Fisheries provide animal protein for much of the world’s population, and provide livelihoods for the millions of people who work in fishing industries. But overfishing, in conjunction with other human activities affecting ocean environments, is reaching catastrophic levels.
Tuna has taken a tumble, but can information save it?
Bluefin tuna is one of the species commonly used for sashimi. Since industrial fishing took off in the 1950s, stocks of this fish have been reduced by more than 90%.
Bigeye tuna stocks are around 13% of pre-1950 levels, and yellowfin tuna stocks are around 50%. Governments seem unable to put in place conservation measures that will halt this trend.
Most of the knowledge generated for conservation efforts is biological. Debates about sustainability often assume that we just need good science about what fishing is doing to the marine environment.
Once we have information, governments should legislate and enforce accordingly, and companies will consequently modify their behaviour.
“Science should drive sustainability – not politics,” says Dr Victor Restrepo, Chair of the Scientific Advisory Committee of International Seafood Sustainability Foundation on the Foundation website.
Conservation measures only work, however, when they are politically feasible and in alignment with commercial incentive structures.
Science changes things when it makes commercial and political sense
We can learn a lot about the value of political knowledge in conservation measures by looking at the practices of the Taiwanese sashimi tuna fishing fleet. This fleet is a major supplier of sashimi tunas, and one of the main culprits in overfishing.
The Taiwanese government did not extend strong control over its fleet. It also allowed Taiwanese fishing companies to locate their vessels in other countries, such as Belize, that do not regulate the fleets based there.
Complaints against the practices of the Taiwanese fleet escalated for several years in the early 2000s and the fisheries agency tried to extend greater control. But wealthy fishing company owners in the port city of Kaoshiung resisted. Because they were electorally important, the fisheries agency was unable to make significant headway.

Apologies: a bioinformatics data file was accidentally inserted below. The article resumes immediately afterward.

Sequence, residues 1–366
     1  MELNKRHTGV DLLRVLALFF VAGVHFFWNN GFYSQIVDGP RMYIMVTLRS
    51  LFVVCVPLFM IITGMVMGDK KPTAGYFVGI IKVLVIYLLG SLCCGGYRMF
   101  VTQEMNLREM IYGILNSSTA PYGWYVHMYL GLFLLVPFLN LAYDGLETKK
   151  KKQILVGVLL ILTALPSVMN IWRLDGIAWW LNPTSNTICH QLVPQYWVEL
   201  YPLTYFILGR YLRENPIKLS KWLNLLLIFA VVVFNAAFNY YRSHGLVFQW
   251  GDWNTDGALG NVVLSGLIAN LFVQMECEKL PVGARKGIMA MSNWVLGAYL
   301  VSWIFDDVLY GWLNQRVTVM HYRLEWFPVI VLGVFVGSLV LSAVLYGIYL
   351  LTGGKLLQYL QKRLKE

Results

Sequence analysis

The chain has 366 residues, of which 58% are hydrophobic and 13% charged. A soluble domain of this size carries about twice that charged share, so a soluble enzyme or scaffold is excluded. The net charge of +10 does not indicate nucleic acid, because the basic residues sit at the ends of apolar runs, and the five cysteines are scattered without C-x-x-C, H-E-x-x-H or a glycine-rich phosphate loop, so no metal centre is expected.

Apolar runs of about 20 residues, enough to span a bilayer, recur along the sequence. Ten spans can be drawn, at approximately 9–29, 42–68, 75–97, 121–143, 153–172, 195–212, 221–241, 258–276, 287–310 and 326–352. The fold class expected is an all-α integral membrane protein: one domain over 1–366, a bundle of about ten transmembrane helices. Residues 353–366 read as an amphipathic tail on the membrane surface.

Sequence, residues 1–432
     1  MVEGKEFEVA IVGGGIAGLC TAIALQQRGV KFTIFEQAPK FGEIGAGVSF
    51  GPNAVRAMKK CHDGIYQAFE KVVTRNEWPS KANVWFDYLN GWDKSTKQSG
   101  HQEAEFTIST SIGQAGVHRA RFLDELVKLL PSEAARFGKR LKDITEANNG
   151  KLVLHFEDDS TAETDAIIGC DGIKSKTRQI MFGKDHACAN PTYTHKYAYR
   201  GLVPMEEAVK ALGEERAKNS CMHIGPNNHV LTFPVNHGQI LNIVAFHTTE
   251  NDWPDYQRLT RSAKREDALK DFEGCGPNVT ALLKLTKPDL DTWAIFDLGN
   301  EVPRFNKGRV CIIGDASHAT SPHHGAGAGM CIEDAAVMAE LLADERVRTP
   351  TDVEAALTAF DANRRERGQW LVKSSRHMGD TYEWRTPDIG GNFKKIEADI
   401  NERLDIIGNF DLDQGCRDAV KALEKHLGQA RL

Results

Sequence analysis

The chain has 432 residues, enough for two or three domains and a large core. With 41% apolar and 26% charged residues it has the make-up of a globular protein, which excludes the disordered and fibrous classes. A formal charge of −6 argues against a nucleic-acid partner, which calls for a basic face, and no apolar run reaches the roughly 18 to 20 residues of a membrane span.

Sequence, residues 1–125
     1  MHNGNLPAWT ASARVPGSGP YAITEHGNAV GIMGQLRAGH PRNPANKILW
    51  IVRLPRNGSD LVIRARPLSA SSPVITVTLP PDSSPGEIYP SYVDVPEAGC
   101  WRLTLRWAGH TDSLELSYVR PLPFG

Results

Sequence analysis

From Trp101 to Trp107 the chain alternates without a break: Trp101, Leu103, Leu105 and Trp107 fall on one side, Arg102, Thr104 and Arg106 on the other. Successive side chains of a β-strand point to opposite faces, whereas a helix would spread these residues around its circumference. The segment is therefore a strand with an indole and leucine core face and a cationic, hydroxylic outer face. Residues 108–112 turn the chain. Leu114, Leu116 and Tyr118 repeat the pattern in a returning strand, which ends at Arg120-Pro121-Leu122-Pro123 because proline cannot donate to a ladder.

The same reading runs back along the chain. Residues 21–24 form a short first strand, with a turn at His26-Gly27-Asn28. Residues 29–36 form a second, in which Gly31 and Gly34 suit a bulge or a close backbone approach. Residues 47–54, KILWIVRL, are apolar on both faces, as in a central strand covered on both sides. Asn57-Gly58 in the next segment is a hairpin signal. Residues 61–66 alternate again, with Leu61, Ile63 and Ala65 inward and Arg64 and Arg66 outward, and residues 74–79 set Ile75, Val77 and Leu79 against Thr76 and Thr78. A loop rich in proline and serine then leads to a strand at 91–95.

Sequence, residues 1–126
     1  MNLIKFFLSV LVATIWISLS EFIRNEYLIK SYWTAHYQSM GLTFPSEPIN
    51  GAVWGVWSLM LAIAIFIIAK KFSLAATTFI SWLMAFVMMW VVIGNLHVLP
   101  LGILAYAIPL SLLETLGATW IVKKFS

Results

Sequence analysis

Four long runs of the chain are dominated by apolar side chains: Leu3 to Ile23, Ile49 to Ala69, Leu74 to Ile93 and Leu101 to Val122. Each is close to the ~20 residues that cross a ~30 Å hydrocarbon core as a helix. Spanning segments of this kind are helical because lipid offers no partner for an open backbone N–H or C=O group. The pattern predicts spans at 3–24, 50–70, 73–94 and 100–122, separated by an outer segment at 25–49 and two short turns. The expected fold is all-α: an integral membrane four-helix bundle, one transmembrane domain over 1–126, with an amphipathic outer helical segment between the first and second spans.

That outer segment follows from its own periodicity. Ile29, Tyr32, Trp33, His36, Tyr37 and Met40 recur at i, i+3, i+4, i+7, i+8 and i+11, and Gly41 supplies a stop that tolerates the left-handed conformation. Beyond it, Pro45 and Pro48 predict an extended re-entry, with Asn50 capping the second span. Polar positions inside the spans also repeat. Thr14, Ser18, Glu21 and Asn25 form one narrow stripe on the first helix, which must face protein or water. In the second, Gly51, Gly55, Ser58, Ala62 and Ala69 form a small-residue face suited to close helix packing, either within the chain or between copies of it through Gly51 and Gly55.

Japan led the complaints against Taiwan. The rise of the Taiwanese fleet in supplying sashimi fish directly mirrored the decline of the Japanese fleet, and the tuna fishing industry is culturally and politically powerful in Japan.
Eventually the Japanese government responded by cutting imports of Taiwanese sashimi tunas in 2005. This was devastating for the fishing companies around Kaoshiung, costing tens of millions of US dollars and thousands of jobs.
The Taiwanese fishing industry then changed its attitude towards regulation because it needed to return to good standing. According to industry sources, since then the Taiwanese Fisheries Agency has been more effective in regulating the Taiwanese fleet.
This case shows that political knowledge about fisheries in one country is not enough.
Local knowledge is not enough to save fisheries
Why was the Japanese government willing to implement trade sanctions in this case and not others? Was the Japanese government affected by 2005 revelations that the Japanese fleet had been systematically overcatching southern bluefin tuna?
And how can a trade sanction work as a fisheries conservation measure anyway?
To understand the politics of sustainability in sashimi tunas, there is a lot of knowledge to cover. One must know about fishing in relevant countries, the international seafood trade regime and fisheries regulation frameworks, and the global commercial environment of tuna production and trade.
Fisheries products are the most highly traded food commodity internationally. Measures to prevent overfishing must be effective all the way to the retailer, not just at the point of fishing.
Anyone hoping to influence the sustainability of tuna fishing must take into account that politics affects decision-making at every stage along the chain.